Parts of this post are from a piece called Involuntary Citizenship – Here’s How Strange It Can Get that I wrote back in October for the Flophouse blog.
In a sense all of us have been or are “Involuntary Citizens” of our states of origin. Whether you received your citizenship through jus sanguinis (blood) or jus soli (place of birth) these are not things that most of us have any control over. You don’t choose your parents and you don’t choose where you are born. In the modern era states usually use a combination of these two citizenship transmission methods to determine who is and who is not a citizen. In a world where most people stayed in one place all their lives, that worked reasonably well. In a globalized era, however, they are not exactly well-adapted to the realities of international migration. As a result we are being forced to think what citizenship means and the basis upon which people participate in a political community. I think we can all agree, in theory anyway, that citizenship in a modern democratic nation-state must be based on the consent of both sides – the state AND the citizen.
The United States is unique in that it has very generous jus soli laws which come under attack on a regular basis in the U.S. The people who would like to put an end to it use cases of “birth tourism” (women who travel to the U.S. with the express purpose of giving birth there so their children will benefit from automatic citizenship) to rally Americans around their cause.
These stories make great headlines but frankly they are a very silly reaction to a very serious subject. They ignore both the complex contexts that arise when nation-state laws conflict and a much better argument against jus soli which addresses a very fundamental question of whether or not a state can confer citizenship on an individual involuntarily. This is a legitimate question because it has real world consequences for ordinary people.
For every case of “birth tourism” there are many more cases where the birth of a child outside of the home territory was pure chance – a conjunction of events like temporary expatriation for business, studies abroad or tourism. And, unless the parents themselves are stateless, this child already has a nation, a nationality, a citizenship conferred by jus sanguinis (blood). By what right does the United States of America confer citizenship on a child of another nation-state without the consent of the parents, the child himself or the other state?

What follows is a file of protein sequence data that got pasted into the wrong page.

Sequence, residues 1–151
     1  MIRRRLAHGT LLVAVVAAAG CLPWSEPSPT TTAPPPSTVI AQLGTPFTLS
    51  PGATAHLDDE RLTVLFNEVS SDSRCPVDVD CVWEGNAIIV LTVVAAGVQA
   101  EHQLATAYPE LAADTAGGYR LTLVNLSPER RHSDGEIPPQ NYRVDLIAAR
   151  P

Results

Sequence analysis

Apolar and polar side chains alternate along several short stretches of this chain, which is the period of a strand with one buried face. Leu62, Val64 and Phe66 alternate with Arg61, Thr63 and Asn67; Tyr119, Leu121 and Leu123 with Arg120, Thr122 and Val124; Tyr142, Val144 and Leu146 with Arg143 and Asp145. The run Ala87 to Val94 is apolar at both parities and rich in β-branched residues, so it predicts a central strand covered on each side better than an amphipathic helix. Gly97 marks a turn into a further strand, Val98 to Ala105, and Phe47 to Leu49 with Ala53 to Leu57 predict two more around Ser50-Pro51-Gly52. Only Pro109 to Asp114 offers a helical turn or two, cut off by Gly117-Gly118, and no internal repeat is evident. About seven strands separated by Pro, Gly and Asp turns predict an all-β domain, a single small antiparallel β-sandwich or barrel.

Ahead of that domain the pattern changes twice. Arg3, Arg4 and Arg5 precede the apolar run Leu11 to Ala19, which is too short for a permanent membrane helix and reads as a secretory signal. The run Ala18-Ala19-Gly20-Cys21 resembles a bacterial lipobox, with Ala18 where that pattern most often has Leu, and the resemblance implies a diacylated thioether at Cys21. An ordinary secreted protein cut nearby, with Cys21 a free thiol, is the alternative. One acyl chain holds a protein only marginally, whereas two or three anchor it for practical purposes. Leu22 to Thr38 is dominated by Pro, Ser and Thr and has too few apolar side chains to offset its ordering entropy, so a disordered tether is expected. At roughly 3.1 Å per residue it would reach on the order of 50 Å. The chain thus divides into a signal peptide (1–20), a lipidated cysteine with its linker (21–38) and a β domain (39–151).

And the answer is quite simply that all nation-states have the right to make their own citizenship laws and confer citizenship as they wish where they wish. Any one of you reading this blog with the most tenuous link to another country could wake up tomorrow and discover that you are now considered a citizen of state X in addition to whatever citizenship you already have and regardless of where you are living.
It’s just that odd. And it might remain an oddity that merely causes occasional inconvenience if it were not for the concrete duties and responsibilities that are attached to U.S. citizenship. As you have probably ascertained from reading Isaac Brock and other sites, the United States of America is one of of the only countries in the world that taxes its citizens on their worldwide income. Any U.S. citizen (or U.S. Person) living and earning income in any country of the world is required to file a yearly tax return and report bank account and asset information to the American Internal Revenue Service. Even someone who is the citizen of another nation-state and has never lived or worked on U.S. soil.
When I point this out to my compatriots I often get the answer, “Well, if that person doesn’t like it, he should just renounce his or her American citizenship.” OK, fair enough (though I’m sure Americans abroad would not necessarily agree.) But if we do decide together that someone who does not agree to the terms of US citizenship (duties and responsibilities) ought to renounce, then shouldn’t we make it very easy for that person to do so?
Well, it isn’t easy and I personally find that to be a scandal. There is a fee (450 USD), the potential renunciant must go through several interviews and produce years of tax returns. This cumbersome and bureaucratic procedure is painful and expensive for the renouncing citizen, costs money to the U.S. taxpayer, and doesn’t sound like it’s much fun for the Embassy personnel either.
Whether the individual concerned just found out he or she was an “accidental American,” or he or she has been living abroad for years and wants to sever his or her ties with the U.S., the principle and the procedure should be the same: citizenship is based on mutual consent and the procedure to renounce that citizenship should be clear, cheap and fast.
It certainly should not have any connection whatsoever to compliance with U.S. tax law. That’s an entirely different issue. If someone breaks the law in the U.S. and then runs back to his home country, there are procedures for bringing that person to justice whether or not that person is or isn’t a U.S. citizen.
Jus soli is here to stay (I don’t think anyone in the U.S. seriously contemplates revoking the 14th amendment) as is jus sanguinis. But a democratic nation-state in a globalized world is going to have to recognize that these laws need to be adapted to meet modern realities. A state can confer citizenship on anyone it likes but, at the very minimum it must recognize the right to “opt out” and not place unreasonable barriers before someone who wishes to do so. There is no room in a democracy for “citizenship without consent.”